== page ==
Ed Hemsler spends his life preparing for a disaster that may never come. Ronnie Meisner spends her life shopping for things she may never use. In a small. These two people will try to find love.
Director: Noble Jones (as Noble Lincoln Jones)
Writer: Noble Jones
Stars: John Lithgow, Blythe Danner, Derek Cecil
The fear of aging can sometimes feel crippling, but for Ed Hemsler (John Lithgow), getting old means getting prepared for an uncertain future. Ed is a self-proclaimed “prepper” who spends his days chatting online with fellow doomsdayers and stocking his private bunker for the inevitable end of the world. He is so focused on what’s to come that he neglects to foster what should be important, including a healthy relationship with his estranged adult son (Derek Cecil) and granddaughter. Things change when he meets the widowed and eccentric Ronnie (Blythe Danner), a woman with emotional baggage of her own. The two quickly hit it off and become fast friends, sharing a similar outlook on life and love.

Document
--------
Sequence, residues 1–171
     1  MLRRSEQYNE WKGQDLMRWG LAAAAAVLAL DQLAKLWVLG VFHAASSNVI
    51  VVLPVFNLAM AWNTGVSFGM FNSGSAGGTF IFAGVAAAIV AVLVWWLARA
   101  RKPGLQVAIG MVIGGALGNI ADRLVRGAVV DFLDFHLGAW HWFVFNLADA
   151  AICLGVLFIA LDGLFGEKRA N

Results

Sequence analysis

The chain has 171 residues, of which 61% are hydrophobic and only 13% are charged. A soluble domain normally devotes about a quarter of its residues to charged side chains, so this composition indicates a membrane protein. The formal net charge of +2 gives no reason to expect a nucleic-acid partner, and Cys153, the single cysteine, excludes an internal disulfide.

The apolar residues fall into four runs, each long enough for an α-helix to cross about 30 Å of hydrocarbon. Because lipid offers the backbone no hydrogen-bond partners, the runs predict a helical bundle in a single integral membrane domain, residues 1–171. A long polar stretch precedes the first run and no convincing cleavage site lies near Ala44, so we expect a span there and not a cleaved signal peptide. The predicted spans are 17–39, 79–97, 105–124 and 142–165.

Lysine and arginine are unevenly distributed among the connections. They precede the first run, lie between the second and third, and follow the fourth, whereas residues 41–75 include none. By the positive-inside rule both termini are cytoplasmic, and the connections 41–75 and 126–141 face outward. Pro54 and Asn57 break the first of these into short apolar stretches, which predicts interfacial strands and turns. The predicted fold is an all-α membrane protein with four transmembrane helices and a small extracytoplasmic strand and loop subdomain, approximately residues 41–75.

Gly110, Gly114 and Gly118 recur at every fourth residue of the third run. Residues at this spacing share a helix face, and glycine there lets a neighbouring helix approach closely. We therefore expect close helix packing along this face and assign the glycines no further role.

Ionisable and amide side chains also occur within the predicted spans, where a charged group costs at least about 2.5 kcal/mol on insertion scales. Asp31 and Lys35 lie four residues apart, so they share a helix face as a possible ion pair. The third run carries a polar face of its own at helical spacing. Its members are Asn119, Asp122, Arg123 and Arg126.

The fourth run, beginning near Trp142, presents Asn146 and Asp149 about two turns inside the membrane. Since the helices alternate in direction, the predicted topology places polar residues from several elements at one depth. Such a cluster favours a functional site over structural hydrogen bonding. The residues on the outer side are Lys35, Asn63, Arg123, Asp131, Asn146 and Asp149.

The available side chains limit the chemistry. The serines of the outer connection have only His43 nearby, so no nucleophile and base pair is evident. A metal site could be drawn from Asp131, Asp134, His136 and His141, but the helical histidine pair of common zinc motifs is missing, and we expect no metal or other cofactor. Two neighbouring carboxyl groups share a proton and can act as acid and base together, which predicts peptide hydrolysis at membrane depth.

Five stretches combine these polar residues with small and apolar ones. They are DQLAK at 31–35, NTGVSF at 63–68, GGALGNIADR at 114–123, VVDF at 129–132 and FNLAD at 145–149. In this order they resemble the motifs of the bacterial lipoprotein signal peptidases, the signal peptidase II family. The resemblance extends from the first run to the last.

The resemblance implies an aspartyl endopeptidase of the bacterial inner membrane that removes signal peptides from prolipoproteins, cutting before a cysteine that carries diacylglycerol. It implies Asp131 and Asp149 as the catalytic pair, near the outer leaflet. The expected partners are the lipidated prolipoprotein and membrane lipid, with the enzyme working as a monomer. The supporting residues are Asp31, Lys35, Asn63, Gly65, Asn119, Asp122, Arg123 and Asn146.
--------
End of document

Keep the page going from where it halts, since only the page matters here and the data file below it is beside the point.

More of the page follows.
The strength of the film stems from the wonderful performances from the two leads. They have a beautiful chemistry and a believable romantic friendship. I can’t imagine any other actors stepping into these roles. It’s refreshing to see a romance between an over 60 couple, a growing segment of society that’s underrepresented in films. The supporting cast lends an authenticity too, especially Eve Harlow as Ronnie’s younger coworker who dishes out remarkably sage relationship advice.
Major credit is due to writer / director Noble Jones too, as he has created two truly delightful characters. Jones is incredibly skilled behind the camera, with a good eye an accomplished flair for visual storytelling. (Jones is also serves as the film’s cinematographer). It’s a great story that’s translated well onto the screen, and it feels wonderfully universal yet personal.
“The Tomorrow Man” is sweet but never cloying, and has its share of little surprises. What starts out with a senior citizen meet-cute at the grocery store ends with a bittersweet yet hopeful bang, and this low-key, charming, and unique film is the perfect reminder that we should all live in the moment and stop worrying so much about our future.
– Screen Zealots